Though some constituents of the American legal system would have us believe their court rooms are bastions of impartiality, reason and justice, too often, they exemplify the worst personality traits of those that run them. This is the basis for my disdain for court.
Pragmatist that I am, however, I know that today’s system is preferable to the anarchy that characterized the American frontier in the nation’s infancy. Odds are that if I dare enter a court room anywhere in the United States today to address a traffic violation, I won’t wind up hanging from a tree behind the court house if I can’t pay the fine — at least not in 2016. Regardless, I want NO part of ANY court. Period. Ever.
Reality check: Nobody cares what I want, probably not even my kids! But I love my kids. I want and need to be a part of their lives. In order to do that, I need to go through the courts. I need to learn the laws and how they can work to my advantage. I proclaim here and now that my love for my children supersedes my near-compulsion to flip the bird to the court system. I submit.
To that end, I went to the office of Northampton County’s Domestic Relations Section last week. I acted like a gentleman, was treated like a gentleman and took the steps necessary to maintain my connection with my children.
The irony that I walked into that place with the same attitude I would carry into a correctional facility was not lost on me. I knew the rules, what was expected of me and how to conduct myself. My mind was set on two goals: Walking in and walking out. How I came to be there had no bearing on what I needed to do and was therefore irrelevant.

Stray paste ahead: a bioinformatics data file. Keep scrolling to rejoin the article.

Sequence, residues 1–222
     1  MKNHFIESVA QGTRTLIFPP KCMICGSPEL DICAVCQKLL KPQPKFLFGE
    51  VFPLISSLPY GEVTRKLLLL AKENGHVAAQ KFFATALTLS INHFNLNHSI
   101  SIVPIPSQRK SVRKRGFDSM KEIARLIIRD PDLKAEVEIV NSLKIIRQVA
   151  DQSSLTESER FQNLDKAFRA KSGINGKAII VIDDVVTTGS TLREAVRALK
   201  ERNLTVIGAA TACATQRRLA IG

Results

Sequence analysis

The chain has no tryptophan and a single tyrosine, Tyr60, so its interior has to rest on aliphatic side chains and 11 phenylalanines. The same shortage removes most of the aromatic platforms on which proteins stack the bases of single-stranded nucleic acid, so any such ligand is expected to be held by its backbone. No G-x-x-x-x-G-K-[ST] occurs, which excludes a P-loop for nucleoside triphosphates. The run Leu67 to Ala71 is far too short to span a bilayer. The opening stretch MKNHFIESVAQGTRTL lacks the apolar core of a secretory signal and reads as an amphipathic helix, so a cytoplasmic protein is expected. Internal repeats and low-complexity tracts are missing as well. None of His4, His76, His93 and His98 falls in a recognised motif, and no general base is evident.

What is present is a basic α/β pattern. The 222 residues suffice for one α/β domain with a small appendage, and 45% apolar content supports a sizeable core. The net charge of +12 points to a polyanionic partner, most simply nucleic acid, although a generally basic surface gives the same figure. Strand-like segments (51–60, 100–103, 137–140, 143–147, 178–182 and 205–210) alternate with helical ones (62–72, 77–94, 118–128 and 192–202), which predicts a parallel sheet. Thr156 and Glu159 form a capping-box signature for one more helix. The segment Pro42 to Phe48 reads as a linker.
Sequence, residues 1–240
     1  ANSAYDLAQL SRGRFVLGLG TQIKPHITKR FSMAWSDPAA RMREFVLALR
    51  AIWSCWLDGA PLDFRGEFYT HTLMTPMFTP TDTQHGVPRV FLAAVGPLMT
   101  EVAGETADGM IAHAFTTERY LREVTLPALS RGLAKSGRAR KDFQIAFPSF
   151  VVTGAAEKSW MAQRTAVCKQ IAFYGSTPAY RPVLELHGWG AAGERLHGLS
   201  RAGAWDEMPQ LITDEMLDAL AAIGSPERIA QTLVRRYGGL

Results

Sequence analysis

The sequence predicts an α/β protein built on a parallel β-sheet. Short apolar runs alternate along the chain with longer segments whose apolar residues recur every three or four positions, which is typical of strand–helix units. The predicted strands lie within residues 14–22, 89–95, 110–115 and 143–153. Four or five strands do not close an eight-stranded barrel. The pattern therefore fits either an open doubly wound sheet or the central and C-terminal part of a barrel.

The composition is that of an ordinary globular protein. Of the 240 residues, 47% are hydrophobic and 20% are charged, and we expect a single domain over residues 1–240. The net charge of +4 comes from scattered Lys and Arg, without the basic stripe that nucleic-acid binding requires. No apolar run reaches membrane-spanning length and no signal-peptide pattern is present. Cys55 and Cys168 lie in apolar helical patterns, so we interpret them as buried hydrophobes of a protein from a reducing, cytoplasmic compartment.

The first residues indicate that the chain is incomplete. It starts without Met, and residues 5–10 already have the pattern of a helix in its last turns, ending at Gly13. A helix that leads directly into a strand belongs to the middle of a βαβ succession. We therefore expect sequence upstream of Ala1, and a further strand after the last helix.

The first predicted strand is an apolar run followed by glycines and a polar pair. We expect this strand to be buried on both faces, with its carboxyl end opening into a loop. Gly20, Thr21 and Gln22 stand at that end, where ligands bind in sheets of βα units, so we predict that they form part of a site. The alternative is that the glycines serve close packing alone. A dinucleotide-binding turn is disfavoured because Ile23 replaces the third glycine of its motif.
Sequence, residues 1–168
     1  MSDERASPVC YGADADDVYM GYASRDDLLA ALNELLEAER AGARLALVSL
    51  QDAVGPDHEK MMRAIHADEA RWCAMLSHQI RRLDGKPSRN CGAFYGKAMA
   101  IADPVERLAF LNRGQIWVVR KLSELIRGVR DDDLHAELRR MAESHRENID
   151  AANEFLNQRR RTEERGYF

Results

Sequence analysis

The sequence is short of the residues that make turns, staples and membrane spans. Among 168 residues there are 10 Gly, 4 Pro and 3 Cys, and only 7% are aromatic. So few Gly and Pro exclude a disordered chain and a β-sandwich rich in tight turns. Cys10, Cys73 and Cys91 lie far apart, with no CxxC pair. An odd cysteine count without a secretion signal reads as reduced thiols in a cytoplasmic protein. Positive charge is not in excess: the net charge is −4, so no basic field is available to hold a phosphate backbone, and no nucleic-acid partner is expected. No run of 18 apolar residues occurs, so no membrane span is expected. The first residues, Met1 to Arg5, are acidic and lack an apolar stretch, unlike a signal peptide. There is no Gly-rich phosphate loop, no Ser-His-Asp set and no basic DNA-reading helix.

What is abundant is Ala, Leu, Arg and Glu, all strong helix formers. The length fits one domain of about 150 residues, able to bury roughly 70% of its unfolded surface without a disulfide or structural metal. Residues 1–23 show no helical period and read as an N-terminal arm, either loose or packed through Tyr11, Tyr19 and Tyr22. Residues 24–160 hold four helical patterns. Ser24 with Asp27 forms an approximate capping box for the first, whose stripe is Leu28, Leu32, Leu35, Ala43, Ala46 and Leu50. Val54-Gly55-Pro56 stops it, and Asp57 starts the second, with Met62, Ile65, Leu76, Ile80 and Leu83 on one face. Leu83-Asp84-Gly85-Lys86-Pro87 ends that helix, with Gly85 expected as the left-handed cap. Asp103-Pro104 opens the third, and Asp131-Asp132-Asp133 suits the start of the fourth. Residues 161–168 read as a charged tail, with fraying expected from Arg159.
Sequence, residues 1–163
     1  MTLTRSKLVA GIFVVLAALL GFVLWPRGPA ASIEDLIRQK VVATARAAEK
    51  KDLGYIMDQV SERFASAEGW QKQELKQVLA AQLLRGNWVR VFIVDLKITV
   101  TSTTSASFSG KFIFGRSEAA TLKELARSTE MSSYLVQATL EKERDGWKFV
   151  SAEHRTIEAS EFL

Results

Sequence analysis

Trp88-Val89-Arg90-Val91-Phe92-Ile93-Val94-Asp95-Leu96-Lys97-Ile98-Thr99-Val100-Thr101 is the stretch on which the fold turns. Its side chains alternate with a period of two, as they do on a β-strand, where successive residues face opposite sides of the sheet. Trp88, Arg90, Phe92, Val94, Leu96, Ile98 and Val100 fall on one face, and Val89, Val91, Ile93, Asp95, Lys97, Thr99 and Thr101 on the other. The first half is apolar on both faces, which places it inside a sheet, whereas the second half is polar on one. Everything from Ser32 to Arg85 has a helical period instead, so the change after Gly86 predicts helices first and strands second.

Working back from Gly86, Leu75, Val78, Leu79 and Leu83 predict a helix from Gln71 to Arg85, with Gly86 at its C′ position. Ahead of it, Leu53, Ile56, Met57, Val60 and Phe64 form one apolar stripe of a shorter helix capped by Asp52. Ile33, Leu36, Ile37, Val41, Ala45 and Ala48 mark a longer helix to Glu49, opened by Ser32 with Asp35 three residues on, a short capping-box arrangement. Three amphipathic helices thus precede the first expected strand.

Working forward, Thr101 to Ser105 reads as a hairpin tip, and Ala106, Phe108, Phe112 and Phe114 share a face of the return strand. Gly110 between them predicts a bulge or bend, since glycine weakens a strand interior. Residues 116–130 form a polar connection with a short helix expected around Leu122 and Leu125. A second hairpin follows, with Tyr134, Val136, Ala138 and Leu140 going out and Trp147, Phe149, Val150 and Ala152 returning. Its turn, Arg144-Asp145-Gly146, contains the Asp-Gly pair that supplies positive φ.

As I walked out of the building, I felt an intense relief. Yes, it took considerable effort and time, but I had identified a phobia, analyzed its source, faced it down and defeated it. I am guilty of no crime and I have quality representation. Now, I’m cool with going to court everyday if need be.
Dads, once you get over the rage engendered by the very idea of divorce court and its inherent biases, you take away her attorney’s most lethal weapon: the ability to manipulate your emotions. Then, just as you would behind bars, you will have earned your respect. Carrying your weight in jail has more to do with mental fortitude than physical strength, although it is definitely helpful to be strong enough to hurt someone if you must. Facing down a big mouthed shyster in a court room? Relatively speaking, that’s a breeze.
Here’s the Nitty Gritty: Get a grip on your emotions, keep your court dates, study the law for your own edification and get your money’s worth from your attorney. If you’re really feeling gung-ho, file a motion or two. You won’t need to get medieval on anyone if you get analytical first.